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A surfer takes to the waves at Lawrencetown Beach, east of Halifax, on Dec.30, 2001. (ANDREW VAUGHAN/CP)
A surfer takes to the waves at Lawrencetown Beach, east of Halifax, on Dec.30, 2001. (ANDREW VAUGHAN/CP)

Letter from N.S.

Halifax's 'sucker record' extends to sponsored surfing competition Add to ...

Fresh off scandalous revelations of taxpayer money being slipped to a concert promoter, Halifax city council has run into controversy by voting this week to support a surfing competition.

The scheduled local stop in September by the O'Neill Cold Water Classic series, which is expected to attract to the city scores of high-level surfers, is being funded in part by $145,000 from city coffers.

One councillor, splitting hairs, said the funds were coming from a hotel levy and thus not directly from the pockets of taxpayers. But the decision is raising eyebrows about fiscal prudence.

The surfing series' headline sponsor is a company that sells, among other things, gear necessary for riding the sort of chilly waves found here. There are also practical concerns about the variable ocean conditions at Cow Bay, near Halifax. And the event is getting a wait-and-see reaction from the people who might have been expected to be most excited.

"At this stage, [the Surfing Association of Nova Scotia's]main concern is that the very people that will be the most impacted ... the local surfers and local residents, must have a voice," the group said in a statement. "So far that hasn't been the case."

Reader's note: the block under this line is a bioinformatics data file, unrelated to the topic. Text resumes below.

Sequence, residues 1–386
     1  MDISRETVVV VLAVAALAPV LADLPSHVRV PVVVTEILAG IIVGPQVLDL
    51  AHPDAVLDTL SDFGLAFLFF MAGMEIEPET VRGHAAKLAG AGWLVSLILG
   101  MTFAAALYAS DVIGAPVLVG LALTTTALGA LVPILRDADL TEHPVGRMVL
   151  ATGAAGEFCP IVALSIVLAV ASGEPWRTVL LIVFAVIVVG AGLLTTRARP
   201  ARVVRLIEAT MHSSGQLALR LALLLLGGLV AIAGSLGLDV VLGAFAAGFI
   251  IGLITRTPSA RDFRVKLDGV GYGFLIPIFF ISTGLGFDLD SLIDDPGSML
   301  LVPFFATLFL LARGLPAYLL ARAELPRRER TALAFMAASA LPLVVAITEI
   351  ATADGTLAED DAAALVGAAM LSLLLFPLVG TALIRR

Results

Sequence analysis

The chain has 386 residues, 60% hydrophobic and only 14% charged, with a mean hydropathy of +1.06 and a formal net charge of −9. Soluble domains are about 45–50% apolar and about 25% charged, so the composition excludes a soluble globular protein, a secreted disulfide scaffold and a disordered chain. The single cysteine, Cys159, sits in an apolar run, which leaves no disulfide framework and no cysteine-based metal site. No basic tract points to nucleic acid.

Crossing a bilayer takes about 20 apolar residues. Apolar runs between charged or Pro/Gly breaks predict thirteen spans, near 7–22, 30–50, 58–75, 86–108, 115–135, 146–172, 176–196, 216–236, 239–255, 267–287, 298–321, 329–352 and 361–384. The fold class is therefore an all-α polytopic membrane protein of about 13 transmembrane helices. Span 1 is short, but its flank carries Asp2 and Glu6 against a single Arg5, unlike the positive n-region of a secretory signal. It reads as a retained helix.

The group asked Mayor Peter Kelly and city council to defer a decision on funding. The municipal politicians instead chose to go ahead with a vote Tuesday and approved the money unanimously.

Mr. Kelly is unlikely to be hurt by the ruffled feathers of the small local surfing community. But any handing of public money to private promoters is fraught in light of the recent concert fiasco. In that scandal, public money was secretly funneled to a music promoter and paid back out of ticket sales. The arrangement came to light when the promoter went bankrupt, leaving the city on the hook for hundreds of thousands of dollars.

Local columnist Tim Bousquet dismissed a city staff notion that it was Halifax's reputation for hosting events that had attracted the surfing tournament's organizers.

"Yep, our fair city's sucker record is attracting firms from around the world looking for handouts," he wrote for the weekly The Coast. "The application for city funds has all the hallmarks of past scandals and problematic city grants."

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